Thomas Fuchs
Hi, I'm Thomas Fuchs. I'm the author of Zepto.js, of script.aculo.us, and I'm a Ruby on Rails core alumnus. With Amy Hoy I'm building cheerful software, like Freckle Time Tracking and Every Time Zone and write books like Retinafy.me.
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Prototype Developer Day

July 31st, 2008

prototype dev day The first ever Prototype Developer Day will be held during The Ajax Experience conference in Boston, MA on September 29, 2008.

The best thing is: it’s completely free, and you get to hang out with some of the peeps from the Prototype core team.

Read more about this exciting opportunity, and see the preliminary agenda over at the Prototype blog!

And then sign up (again, for free) over at the special signup form.

Practical Prototype and script.aculo.us book hot off the presses

July 21st, 2008

Practical Prototype and script.aculo.usPrototype Core team member Andrew Dupont’s new book Practical Prototype and script.aculo.us is now available, and it’s a super no-nonsense guide to getting up to speed with the libraries, fast.

Andrew, being a UI developer by heart, doesn’t mess around and gives you hands-on examples for just about everything you can do with the “fraternal twins” Prototype and script.aculo.us.

You’ll learn how to really use all those fancy Prototype collection helpers (like each, detect, select, reject, partition, etc.), master the cool new custom events system, and seriously mess with the DOM; and how’ll see how Prototype can help you with everyday programming tasks with its extensions to functional programming and OOP. Plus of course how to make the most of Ajax and JSON. Last but not least, visual effects are explained, and also how they work by taking advantage of the DOM and how web browsers render websites.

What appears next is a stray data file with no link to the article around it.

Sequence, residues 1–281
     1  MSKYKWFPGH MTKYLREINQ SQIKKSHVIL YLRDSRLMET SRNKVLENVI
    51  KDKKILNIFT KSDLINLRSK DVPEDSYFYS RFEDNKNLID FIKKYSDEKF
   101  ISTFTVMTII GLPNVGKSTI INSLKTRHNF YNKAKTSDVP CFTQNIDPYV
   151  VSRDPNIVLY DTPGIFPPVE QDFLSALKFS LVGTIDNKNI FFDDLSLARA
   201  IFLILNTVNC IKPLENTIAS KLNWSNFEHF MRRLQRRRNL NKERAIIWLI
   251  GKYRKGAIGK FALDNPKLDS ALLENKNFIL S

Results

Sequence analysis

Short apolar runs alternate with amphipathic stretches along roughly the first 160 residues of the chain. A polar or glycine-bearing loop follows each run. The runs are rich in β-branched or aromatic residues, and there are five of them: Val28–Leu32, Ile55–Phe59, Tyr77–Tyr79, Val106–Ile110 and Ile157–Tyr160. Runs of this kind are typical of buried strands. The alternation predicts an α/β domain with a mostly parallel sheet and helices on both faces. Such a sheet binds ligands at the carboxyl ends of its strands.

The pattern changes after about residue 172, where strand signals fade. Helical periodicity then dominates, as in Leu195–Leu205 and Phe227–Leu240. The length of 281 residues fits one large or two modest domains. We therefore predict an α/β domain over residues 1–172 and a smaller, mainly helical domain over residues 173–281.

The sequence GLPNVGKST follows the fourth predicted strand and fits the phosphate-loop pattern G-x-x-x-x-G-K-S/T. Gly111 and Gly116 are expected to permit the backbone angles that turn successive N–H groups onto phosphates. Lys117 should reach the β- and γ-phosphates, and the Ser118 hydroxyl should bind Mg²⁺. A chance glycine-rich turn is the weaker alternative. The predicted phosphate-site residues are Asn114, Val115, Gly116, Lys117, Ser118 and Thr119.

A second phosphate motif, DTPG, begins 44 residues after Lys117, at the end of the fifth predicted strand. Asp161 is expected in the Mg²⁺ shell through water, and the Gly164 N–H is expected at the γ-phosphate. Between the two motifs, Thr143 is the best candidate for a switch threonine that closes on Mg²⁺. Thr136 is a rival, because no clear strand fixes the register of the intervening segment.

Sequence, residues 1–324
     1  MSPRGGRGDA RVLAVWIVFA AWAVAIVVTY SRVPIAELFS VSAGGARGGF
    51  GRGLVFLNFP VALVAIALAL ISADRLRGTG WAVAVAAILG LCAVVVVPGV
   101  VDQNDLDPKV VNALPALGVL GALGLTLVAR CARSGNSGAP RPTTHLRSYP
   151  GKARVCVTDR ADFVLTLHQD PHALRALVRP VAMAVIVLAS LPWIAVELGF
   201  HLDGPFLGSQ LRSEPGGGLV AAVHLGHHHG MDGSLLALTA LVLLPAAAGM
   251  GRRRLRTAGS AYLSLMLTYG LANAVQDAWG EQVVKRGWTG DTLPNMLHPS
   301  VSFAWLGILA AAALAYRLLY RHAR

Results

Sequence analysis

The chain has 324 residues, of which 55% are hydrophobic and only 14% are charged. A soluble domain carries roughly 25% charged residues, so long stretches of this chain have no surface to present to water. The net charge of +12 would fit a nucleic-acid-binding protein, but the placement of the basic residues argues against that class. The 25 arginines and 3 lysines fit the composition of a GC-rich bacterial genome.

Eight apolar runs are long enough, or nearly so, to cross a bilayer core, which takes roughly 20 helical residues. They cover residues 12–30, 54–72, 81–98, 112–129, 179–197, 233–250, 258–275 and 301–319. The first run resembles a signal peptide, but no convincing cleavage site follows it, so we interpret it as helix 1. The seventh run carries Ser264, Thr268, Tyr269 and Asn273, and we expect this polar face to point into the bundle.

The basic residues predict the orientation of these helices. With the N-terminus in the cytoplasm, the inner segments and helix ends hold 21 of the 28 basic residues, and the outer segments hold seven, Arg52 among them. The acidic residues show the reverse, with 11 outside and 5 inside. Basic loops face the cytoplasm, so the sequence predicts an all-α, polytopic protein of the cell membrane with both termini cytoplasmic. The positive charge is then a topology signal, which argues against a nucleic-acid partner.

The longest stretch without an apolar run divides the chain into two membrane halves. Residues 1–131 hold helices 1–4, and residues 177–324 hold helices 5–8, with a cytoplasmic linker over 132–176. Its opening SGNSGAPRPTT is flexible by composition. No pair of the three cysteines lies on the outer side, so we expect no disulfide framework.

The very interesting closing chapter shows you why things are as they are in Prototype, and will help you read the source code—and write JavaScript, Prototype-style.

New Prototype and script.aculo.us support mailing list

July 14th, 2008

Subscribers to the Rails Spinoffs mailing list should switch to our new, better-named list: Prototype & script.aculo.us.

While these two venerable libraries are, in truth, spinoffs of the Rails project, we’ve come to realize it’s far more user-friendly to have the libraries’ names in the name of the mailing list. This should help guide users to the right spot and reduce the amount of support traffic on the Prototype Core mailing list — which is for discussion of Prototype’s development process, not support.

Because list spam is a sad reality, your first post to the list will be held for moderation. Once it’s approved, though, you’ll be able to post with impunity.

(Original article at Prototype blog)

Apple launches MobileMe, we launch creativescrape

July 11th, 2008

Today marks the launch of two great sites which are both partly powered by Prototype and script.aculo.us:

First, off, kudos to Apple to launch their new web service MobileMe, which (hopefully!) will save me much time and hassle in the future by automatically push-syncing contacts, calendar events, bookmarks, etc. between my Macs and my iPhone.

Even cooler is the microapp Amy and I have put together this week… Check out creativescrape, an inspration utility for those moments when you just seem to be braindead. It comes with a OS X screensaver for your enjoyment.